MAS has been through several restructures since it was returned from an unsuccessful sale to entrepreneur Tajudin Ramli in 2001. The Malaysian state investment agency Khazanah is now facing another restructure of the struggling carrier, with media reports suggesting it may be taken private. The airline is a repeated loss maker and needs a major fleet overhaul to replace the aging Boeing 777-200 aircraft.
The choices facing Khazanah are stark. ASEAN’s open skies opens new market possibilities in the coming years, but MAS has little prospect of bridging the cost gap with its low cost regional competitors to capture that opportunity. On the other hand it lacks the scale and brand strength to take on the Gulf carriers on the long haul routes to Europe. Meanwhile Air Asia X is eating into its competitive position on flights from Australian cities offering connectivity throughout Asia. Large fleet orders are already in place for key competitors in both the regional and long haul market segments.
Without some radical trimming of its cost base and an aggressive repositioning of the MAS brand, it seems unlikely that a further capital injection could be justified on any basis other than the desire to retain MAS as a flag carrier. A recent example of a restructuring plan that could be followed, if there is sufficient political will, is that of fellow oneworld airline JAL. It would be a test of nerve to undertake the staff number and cost reductions that were seen in the JAL case.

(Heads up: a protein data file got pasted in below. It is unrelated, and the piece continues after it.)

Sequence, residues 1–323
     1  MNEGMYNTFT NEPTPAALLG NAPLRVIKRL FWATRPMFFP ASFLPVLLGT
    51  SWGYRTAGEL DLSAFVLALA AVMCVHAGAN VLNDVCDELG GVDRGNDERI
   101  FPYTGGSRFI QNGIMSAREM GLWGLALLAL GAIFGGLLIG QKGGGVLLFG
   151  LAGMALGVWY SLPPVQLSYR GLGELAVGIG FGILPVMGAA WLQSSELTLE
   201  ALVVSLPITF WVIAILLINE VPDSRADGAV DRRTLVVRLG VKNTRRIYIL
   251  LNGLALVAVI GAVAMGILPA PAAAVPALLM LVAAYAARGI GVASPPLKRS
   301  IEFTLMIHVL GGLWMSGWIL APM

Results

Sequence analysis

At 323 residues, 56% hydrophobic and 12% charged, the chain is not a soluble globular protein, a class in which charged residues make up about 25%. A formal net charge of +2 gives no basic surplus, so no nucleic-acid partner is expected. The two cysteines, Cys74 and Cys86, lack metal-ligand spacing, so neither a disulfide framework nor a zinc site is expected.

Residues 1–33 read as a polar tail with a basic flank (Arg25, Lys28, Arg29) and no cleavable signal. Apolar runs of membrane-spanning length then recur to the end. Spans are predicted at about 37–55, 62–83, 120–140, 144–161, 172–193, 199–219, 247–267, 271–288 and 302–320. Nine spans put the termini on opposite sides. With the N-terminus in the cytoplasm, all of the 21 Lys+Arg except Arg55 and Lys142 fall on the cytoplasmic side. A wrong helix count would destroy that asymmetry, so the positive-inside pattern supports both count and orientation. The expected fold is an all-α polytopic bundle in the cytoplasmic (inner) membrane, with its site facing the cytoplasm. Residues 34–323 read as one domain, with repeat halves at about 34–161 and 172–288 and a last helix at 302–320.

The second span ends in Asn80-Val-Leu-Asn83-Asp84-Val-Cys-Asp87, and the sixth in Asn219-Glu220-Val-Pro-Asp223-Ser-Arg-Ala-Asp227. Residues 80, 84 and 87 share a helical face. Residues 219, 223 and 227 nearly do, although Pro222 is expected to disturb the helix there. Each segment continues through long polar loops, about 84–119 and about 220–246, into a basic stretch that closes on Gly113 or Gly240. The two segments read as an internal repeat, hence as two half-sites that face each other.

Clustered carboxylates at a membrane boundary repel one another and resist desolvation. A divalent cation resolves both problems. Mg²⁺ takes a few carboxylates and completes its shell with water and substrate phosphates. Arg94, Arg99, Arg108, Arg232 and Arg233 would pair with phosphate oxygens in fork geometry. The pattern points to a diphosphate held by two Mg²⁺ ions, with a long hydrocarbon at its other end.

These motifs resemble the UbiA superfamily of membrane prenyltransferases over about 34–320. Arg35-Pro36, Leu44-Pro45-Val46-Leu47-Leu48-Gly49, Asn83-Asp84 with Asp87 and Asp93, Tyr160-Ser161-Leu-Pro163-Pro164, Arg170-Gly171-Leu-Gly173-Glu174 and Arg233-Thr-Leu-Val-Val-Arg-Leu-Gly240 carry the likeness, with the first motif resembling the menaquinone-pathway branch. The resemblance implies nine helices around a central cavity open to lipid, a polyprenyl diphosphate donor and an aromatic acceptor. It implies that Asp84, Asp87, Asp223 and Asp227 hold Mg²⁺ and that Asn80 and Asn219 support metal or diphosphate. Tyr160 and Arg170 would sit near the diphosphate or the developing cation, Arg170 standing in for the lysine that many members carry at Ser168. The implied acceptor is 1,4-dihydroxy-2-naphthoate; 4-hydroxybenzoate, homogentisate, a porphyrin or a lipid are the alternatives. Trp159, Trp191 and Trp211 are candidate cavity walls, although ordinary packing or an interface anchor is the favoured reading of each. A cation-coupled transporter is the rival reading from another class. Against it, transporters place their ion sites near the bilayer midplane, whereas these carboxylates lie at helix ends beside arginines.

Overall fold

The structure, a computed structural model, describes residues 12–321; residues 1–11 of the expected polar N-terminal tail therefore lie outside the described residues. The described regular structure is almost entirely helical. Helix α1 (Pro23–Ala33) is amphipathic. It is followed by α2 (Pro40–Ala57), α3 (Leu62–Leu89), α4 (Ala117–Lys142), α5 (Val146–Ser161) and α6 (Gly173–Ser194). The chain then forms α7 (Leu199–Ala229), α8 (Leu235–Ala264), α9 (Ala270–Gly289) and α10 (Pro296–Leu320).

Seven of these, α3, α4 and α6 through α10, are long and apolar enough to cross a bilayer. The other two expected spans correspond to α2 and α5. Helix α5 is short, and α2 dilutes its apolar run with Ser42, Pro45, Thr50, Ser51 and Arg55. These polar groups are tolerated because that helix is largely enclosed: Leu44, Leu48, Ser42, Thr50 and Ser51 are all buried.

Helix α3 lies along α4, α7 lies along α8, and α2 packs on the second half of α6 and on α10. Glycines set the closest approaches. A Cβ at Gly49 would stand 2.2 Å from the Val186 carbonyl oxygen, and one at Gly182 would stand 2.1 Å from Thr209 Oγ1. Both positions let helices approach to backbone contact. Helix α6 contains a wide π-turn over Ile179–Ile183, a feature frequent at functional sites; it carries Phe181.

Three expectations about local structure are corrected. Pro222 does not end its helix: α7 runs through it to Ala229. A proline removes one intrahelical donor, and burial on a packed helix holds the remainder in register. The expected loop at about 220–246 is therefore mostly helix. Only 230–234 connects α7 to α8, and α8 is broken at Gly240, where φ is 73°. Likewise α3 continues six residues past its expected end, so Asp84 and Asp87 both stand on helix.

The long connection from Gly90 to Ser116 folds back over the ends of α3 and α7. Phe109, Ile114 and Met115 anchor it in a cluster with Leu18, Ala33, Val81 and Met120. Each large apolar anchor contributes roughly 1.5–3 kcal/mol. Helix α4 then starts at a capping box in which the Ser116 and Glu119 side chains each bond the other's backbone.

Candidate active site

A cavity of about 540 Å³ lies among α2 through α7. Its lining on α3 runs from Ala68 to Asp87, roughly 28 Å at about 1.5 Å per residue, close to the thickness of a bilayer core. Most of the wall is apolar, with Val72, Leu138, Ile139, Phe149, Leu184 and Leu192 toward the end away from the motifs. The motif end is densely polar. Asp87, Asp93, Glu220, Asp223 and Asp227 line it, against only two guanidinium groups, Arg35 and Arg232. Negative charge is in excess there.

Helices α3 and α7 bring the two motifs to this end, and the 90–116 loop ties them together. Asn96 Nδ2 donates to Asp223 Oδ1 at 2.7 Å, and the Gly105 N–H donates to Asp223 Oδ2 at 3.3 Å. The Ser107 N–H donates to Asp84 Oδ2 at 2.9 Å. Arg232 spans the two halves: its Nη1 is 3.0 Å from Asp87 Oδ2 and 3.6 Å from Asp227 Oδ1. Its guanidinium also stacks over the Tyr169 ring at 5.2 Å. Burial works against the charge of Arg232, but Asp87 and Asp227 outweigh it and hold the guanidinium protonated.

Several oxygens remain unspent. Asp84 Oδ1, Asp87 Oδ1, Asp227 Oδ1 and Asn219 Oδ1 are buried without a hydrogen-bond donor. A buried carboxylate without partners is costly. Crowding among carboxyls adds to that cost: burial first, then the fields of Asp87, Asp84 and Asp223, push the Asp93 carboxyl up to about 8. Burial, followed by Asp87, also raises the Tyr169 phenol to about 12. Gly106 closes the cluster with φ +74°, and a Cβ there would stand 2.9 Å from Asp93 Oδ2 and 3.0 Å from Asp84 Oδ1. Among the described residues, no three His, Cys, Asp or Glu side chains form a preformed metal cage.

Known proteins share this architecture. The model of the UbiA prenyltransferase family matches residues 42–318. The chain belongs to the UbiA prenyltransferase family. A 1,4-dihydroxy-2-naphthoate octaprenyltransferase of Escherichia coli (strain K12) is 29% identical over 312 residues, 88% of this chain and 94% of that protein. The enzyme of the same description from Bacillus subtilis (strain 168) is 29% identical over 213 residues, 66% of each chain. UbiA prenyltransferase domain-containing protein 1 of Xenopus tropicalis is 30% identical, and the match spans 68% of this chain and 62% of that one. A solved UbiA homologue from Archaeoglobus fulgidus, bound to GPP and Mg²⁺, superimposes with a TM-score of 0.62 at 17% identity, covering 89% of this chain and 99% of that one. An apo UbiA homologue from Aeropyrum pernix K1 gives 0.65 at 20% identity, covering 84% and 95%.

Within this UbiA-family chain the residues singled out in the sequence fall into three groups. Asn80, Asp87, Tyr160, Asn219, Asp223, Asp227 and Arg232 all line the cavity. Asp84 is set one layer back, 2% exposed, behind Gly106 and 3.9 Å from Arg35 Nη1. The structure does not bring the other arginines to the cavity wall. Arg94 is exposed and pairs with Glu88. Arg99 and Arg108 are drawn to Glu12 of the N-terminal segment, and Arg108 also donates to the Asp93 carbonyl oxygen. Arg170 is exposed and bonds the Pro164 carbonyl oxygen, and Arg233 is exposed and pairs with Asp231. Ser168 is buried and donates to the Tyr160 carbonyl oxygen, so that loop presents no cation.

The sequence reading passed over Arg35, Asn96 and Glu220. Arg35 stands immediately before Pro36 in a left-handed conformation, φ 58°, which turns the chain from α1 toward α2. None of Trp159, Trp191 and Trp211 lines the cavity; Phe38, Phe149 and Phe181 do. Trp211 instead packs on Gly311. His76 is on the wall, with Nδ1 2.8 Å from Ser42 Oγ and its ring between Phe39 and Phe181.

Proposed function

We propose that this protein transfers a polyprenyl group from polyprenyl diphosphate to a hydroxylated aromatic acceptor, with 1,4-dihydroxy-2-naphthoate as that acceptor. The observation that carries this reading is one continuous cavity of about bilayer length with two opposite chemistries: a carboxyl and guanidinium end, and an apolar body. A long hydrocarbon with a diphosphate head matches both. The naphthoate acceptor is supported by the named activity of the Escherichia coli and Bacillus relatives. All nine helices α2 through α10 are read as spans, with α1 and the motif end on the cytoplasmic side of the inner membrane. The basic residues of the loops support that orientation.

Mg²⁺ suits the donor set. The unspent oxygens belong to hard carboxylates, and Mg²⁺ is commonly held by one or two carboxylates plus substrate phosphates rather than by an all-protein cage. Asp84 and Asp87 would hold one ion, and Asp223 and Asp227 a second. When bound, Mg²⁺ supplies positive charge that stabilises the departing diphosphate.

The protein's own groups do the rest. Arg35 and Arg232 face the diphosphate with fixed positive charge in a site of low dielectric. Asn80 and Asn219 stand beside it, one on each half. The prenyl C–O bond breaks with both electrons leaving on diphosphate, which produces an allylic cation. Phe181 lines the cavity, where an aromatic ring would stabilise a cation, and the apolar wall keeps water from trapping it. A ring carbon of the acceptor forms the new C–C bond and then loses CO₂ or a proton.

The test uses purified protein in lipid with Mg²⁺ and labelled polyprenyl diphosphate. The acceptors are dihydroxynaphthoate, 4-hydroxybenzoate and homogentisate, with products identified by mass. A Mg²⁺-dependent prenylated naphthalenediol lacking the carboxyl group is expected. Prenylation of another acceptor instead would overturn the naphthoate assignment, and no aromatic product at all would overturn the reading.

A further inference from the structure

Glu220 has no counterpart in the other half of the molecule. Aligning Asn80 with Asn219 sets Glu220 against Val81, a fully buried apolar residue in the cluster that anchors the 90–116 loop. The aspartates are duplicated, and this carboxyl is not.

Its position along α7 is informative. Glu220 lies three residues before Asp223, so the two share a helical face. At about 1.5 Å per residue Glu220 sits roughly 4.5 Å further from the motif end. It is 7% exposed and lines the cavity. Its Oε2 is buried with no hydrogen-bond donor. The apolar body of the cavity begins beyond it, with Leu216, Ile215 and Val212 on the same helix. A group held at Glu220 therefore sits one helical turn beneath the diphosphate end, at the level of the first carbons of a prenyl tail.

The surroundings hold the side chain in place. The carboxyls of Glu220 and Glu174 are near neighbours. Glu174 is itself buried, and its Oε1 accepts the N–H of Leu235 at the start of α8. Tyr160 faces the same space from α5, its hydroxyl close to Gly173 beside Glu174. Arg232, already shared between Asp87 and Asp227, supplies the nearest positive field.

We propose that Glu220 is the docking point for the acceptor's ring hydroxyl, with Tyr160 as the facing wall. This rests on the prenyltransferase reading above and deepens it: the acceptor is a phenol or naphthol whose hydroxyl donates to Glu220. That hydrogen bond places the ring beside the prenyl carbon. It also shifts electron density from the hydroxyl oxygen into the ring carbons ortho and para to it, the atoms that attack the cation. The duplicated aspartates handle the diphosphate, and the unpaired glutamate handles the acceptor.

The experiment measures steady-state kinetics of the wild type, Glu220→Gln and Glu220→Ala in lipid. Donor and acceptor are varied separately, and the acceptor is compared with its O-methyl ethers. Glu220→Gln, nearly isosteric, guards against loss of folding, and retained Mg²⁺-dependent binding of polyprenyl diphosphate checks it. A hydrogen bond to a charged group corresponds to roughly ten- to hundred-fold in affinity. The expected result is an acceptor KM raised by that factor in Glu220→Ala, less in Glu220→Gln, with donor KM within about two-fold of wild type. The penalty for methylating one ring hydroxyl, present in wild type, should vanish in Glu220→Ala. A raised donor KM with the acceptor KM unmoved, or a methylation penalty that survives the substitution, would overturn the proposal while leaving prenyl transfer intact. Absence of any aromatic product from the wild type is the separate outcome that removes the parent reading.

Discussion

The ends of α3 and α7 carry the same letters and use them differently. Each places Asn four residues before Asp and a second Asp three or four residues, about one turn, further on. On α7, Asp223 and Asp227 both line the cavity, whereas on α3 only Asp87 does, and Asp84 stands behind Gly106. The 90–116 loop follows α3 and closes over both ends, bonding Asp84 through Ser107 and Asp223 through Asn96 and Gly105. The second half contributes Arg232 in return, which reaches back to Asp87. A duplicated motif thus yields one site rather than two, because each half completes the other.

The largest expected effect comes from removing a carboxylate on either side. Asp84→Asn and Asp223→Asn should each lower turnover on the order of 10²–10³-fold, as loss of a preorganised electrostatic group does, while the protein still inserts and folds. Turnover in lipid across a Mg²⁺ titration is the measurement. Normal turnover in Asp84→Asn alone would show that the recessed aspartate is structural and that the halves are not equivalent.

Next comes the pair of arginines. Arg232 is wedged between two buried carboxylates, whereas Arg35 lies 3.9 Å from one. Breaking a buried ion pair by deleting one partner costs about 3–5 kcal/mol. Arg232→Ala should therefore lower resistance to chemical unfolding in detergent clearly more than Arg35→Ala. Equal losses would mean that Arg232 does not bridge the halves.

Potential partners in the region seem scarce. The joint venture with Air Asia crumbled quickly, and talks with Australian carrier Qantas (already facing drastic cost cutting issues of its own) faded. Thai Airways International is too deeply embedded in the Thai political structure to look over its borders. Emirates already ruled out equity investments as it established its Qantas partnership, while Etihad has built its regional presence in Virgin Australia, alongside Singapore Airlines and Air New Zealand.
Airlines with state ownership can be profitable. Singapore Airlines and Air New Zealand are two examples in the Asia-Pacific region. Air New Zealand, toughened by a bankruptcy restructuring, is now lean and innovative. Singapore Airlines leverages its brand, location, and service consistency to sustain a premium market position. MAS enjoys neither of these strengths. A significant factor for both Air New Zealand and Singapore Airlines is that they are based in free and open economies, and charged with sustaining commercial viability.
Restructuring the fleet, network, and workforce of MAS is only the first step. Freeing the airline to operate as a truly commercial entity may be much tougher. Without that freedom the future for MAS looks bleak, relying on periodic cash injections as its competitive position steadily fades against low cost regional competitors and the growing dominance of the long haul routes by the Gulf airlines.
This opinion piece was first published in The Conversation.
Ian Douglas is a senior lecturer in Aviation at UNSW.